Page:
BEIJING (Reuters) – China’s exports grew for the first time in six months in November, suggesting factories in the world’s second-largest economy are luring buyers with cut prices to overcome a long decline in demand.
Mixed November manufacturing data kept alive calls for more policy support to support growth but also raised questions about whether surveys based on mostly negative sentiment have masked an improvement in conditions.
Customs data showed on Thursday that exports grew 0.5 percent year-on-year in November, compared with a 6.4 percent decline in October and exceeding the 1.1 percent decline expected in a Reuters poll. Imports fell 0.6%, beating expectations for a 3.3% increase and reversing from a 3.0% jump last month.
“The improvement in exports is largely in line with market expectations… The sequential growth in China’s exports has strengthened in the past few months,” said Qiu Zhang, chief economist at Pinpoint Asset Management. “There are green shoots in other Asian countries’ export data as well in recent months.”
The Baltic Dry Area Index, a leading measure of global trade, rose to a three-year high in November, supported by improving demand for industrial goods, especially from China.
South Korea’s exports, another measure of the health of global trade, rose for a second month in November, boosted by chip exports, which ended 15 months of decline.
Trade with China’s major counterparts also painted a rosy picture, with exports to the United States, Japan, South Korea and Taiwan rising in October.
However, in the short term, the pressure on Chinese manufacturers shows little sign of completely abating.
China’s official purchasing managers’ index last week showed new export orders contracting for the ninth straight month, while a private sector survey highlighted the difficulties factory owners face to attract foreign buyers for a fifth month.
“While export volumes reached a new high, they were supported by exporters cutting prices,” noted Zichun Huang, China economist at Capital Economics.
“We doubt this strength will continue, as exporters will not be able to continue lowering prices for much longer,” Huang warned.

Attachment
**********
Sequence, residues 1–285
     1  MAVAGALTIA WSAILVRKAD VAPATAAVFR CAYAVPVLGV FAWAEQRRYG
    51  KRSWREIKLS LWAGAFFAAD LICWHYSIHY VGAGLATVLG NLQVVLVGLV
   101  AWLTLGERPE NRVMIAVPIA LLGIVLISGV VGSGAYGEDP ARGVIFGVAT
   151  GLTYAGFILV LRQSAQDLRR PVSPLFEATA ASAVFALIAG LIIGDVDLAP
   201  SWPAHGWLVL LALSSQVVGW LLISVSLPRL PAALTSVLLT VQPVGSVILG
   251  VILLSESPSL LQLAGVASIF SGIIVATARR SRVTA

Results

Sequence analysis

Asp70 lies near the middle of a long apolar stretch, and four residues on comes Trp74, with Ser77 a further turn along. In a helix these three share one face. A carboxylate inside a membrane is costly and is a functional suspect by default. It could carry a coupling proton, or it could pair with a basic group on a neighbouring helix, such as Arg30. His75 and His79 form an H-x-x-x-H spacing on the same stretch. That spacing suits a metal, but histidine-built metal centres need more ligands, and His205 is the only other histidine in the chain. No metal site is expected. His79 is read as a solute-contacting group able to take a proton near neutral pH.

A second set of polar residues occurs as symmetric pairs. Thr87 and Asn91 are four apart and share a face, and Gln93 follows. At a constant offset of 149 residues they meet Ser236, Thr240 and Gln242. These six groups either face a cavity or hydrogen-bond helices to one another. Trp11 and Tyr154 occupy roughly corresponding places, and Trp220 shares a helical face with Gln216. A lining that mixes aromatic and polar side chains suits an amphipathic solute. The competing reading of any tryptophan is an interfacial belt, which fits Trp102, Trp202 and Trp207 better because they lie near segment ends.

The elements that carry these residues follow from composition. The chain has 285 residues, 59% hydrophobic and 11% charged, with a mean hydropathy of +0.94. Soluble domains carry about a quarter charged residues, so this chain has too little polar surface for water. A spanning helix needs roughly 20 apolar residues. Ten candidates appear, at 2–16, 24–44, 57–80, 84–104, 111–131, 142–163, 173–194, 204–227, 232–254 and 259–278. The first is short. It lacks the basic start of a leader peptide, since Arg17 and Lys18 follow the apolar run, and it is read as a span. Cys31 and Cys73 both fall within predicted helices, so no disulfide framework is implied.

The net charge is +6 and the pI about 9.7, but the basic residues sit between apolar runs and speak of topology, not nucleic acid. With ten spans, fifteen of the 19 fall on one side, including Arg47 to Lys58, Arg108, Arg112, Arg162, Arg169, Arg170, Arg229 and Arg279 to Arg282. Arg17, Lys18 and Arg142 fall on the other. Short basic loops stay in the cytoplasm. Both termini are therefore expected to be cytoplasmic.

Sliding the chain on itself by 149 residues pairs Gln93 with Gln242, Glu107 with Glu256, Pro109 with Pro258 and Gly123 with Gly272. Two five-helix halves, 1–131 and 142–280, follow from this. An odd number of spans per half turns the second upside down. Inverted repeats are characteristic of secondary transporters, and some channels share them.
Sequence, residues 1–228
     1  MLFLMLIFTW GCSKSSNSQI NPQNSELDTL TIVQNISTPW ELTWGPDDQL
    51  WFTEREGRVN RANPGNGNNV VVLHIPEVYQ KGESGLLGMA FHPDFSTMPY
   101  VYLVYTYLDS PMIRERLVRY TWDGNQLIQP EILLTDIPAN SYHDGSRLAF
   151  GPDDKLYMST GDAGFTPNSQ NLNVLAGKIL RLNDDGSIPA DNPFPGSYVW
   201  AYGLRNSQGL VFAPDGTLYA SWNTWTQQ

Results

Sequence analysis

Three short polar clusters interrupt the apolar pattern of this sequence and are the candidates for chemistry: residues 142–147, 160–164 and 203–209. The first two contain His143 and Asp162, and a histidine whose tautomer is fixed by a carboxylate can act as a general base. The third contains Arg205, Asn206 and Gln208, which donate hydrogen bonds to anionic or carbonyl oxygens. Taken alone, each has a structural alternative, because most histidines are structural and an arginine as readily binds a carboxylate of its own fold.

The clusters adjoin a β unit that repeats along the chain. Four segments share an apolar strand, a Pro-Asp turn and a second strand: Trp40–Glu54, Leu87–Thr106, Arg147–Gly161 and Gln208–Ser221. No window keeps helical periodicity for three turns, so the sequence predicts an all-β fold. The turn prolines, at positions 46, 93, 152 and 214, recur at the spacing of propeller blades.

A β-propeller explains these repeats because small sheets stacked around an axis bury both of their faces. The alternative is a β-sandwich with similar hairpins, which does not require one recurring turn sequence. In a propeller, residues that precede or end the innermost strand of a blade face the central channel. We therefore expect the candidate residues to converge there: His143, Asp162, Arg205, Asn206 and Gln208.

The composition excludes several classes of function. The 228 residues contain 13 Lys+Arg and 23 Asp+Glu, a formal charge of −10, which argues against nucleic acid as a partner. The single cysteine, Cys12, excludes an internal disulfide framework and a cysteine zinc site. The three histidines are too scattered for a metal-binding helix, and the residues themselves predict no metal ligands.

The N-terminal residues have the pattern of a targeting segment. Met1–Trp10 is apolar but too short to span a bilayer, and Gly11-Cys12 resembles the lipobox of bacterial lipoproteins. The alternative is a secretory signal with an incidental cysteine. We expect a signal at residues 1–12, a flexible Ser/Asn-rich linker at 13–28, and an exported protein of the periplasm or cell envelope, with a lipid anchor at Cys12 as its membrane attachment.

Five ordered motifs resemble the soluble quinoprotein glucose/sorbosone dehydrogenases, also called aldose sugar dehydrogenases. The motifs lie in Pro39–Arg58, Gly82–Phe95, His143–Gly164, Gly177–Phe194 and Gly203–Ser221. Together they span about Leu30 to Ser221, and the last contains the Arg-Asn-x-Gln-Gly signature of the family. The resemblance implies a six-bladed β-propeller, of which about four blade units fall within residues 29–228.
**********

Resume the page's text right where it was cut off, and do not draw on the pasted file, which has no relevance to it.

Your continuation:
Factory gate prices in the official PMI contracted for a second month in November, while input costs expanded for a fifth straight month.
However, some analysts point to faster-than-expected growth in the third quarter and a string of mostly upbeat data from October, and say the recent tough data paints a less bleak picture of the Asian giant’s economic health than sentiment-based surveys. . They say the hard data also suggests that support measures emerging from Beijing since June have had some impact.
“The data shows that external demand is stronger than we thought, and domestic demand is weaker than we thought,” said Dan Wang, chief economist at Hang Seng Bank China. “The largest export goods remain electrical machinery and cars, so demand in Europe and Russia will boost overseas shipments.”
Analysts say it is too early to know whether the latest political support will be enough to support domestic demand and how sustainable any increase in external demand will be, as real estate, unemployment and weak household and business confidence threaten a sustainable recovery at home.
The International Monetary Fund in November updated its growth forecasts for China for 2023 and 2024 by 0.4% each, but this came from a lower base. On Tuesday, Moody’s issued a warning about lowering China’s credit rating to A1.
Chinese markets appear to be reflecting this caution, with the yuan falling against the dollar after the data, while the country’s blue-chip CSI300 index fell 0.44% and Hong Kong’s Hang Seng lost 1.46%.
China’s crude oil imports in November fell by 9.2% year-on-year, the first annual decline since April, as high inventory levels and weak manufacturing activity weighed on demand for products such as diesel. But iron ore imports rose slightly last month.
“While export demand has improved, it is unclear whether exports can contribute as a pillar of growth next year,” warned Pinpoint Asset Management’s Zhang.
“The European and US economies are slowing. China still needs to rely on domestic demand as the main driver of growth in 2024.”
(Reporting by Joe Cash Editing by Shri Navaratnam)
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Joe Cash reports on China’s economic affairs, covering domestic fiscal and monetary policy, key economic indicators, trade relations, and China’s growing engagement with developing countries. Before joining Reuters, he worked on UK and EU trade policy in the Asia-Pacific region. Joe studied Chinese at Oxford University and speaks Mandarin.
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